What follows, between scenes of Henry doing the financial bookkeeping for the household or building a snow machine, is Henry first attempting to get anyone to do anything about Christina’s patently obvious abuse and then after no one does anything, deciding to craft an incredibly detailed plan to murder his neighbor. “Timing, set-up and covering every contingency” Henry says while setting up a Rube Goldberg machine, setting up his story for how he is going to murder his neighbor. I’m sorry I keep stressing that, but it’s both kind of important and also incredibly bizarre.
Then Henry gets brain cancer and dies. Most of this segment is interesting because the film goes high melodrama. Henry isn’t just a bit ill, he’s terminally ill, he’s not going to make it til next week ill. His character, one established as having so much empathy towards another person (Christina) that he would be willing to murder someone, shows a soul-crushing lack of ability to understand why his mother or brother would be more concerned about him dying than the finances. Henry is a jerk. He’s also eleven, so I guess that’s understandable.
After his death, his brother passes along the red book (Henry’s murder plan) to his mother, who basically immediately decides to enact it. Henry’s plan is a clockwork machine of near misses and 45 minute time windows, his mother buying a sniper rifle with a scope on Henry’s command, listening to a tape of her dead sons voice as he patiently walks her through the entire process of murdering her neighbor.
I don’t want to mislead you. The Book of Henry is a baffling movie. It’s bizarrely bad, but there’s been some issues with coverage where people are implying that it has transcended to being a good-bad movie. The best of the worst. Whatever you are apt to call it. It’s definitely not that. It’s weird. Laugh out loud weird at times, but it doesn’t have the soul of a true good bad flick.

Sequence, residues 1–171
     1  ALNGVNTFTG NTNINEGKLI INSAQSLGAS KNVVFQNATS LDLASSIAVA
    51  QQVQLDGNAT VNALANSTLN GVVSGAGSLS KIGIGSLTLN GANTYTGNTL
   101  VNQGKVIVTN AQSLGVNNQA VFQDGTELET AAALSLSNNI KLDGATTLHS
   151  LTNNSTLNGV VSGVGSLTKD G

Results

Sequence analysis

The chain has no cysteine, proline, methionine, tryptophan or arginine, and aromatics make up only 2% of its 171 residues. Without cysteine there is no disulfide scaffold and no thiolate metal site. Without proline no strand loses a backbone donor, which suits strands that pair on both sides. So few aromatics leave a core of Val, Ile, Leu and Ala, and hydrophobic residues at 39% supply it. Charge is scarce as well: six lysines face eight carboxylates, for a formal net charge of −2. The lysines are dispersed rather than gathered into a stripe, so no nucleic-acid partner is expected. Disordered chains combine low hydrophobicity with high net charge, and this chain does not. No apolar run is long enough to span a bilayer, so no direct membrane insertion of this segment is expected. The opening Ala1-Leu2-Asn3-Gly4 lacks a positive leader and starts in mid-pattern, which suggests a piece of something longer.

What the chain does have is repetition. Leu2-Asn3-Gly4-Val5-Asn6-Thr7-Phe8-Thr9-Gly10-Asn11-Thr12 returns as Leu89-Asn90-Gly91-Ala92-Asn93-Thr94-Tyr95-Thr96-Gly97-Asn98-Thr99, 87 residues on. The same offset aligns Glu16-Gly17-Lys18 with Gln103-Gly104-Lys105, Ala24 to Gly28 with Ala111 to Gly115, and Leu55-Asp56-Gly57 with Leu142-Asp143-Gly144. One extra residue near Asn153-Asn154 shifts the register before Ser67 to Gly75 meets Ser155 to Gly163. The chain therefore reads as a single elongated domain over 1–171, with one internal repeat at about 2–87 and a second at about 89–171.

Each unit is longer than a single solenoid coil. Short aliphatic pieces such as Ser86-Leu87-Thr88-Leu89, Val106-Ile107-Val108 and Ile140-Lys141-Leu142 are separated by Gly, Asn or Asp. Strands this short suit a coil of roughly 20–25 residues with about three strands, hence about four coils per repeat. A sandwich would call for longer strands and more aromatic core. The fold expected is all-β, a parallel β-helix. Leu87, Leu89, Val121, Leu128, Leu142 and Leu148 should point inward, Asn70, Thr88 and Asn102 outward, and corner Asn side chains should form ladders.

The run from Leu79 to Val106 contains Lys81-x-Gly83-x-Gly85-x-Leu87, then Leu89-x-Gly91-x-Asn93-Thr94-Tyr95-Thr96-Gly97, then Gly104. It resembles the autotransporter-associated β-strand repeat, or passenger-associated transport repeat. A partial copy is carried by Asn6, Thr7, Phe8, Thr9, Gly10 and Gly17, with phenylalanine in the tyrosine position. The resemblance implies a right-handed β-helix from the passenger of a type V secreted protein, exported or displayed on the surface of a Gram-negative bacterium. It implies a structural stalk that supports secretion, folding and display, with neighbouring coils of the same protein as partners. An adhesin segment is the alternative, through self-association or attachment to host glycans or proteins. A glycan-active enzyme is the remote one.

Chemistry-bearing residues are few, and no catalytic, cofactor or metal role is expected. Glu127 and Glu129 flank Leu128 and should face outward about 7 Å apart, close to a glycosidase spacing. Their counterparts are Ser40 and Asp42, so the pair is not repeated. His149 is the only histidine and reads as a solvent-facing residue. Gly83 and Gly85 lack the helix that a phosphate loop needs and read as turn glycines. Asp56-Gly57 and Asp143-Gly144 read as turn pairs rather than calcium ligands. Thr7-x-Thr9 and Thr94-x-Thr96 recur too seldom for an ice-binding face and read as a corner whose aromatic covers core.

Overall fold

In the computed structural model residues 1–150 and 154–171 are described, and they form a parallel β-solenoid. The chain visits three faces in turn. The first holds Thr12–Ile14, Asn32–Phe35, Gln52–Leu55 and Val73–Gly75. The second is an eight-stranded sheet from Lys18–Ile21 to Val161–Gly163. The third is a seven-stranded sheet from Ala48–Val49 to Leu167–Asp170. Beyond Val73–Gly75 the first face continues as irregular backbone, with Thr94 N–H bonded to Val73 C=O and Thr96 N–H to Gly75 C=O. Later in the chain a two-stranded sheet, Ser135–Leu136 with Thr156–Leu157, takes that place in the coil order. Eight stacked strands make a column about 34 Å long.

I’ve seen it compared to movies like Birdemic or the Room, sort of the popular versions of bad movies that have taken the airwaves in recent years. It is definitely not that. It doesn’t have their heart, and it frankly has too much skill behind and in front of the camera. One of the things that makes Book of Henry stand out is that it doesn’t look like a bad movie — the shots are well composed and edited, Tremblay specifically delivers an exceptional performance as the little brother, and when it gets emotional it cuts deep.
There are a couple of things that make a movie transcend from being just “bad” to being watchably bad, and most of those traits are difficult to qualify. At its core it’s probably a certain amount of earnestness. Tommy Wiseau, the director behind the Room, never set out to make a bad movie. He felt that he was making a drama, something that people would want to see. He just didn’t have the chops to see his vision through, or the foresight to identify that he was out of his depth. Book of Henry doesn’t have that level of earnestness. At the end of the day, it’s just another average Hollywood melodrama with a gimmick.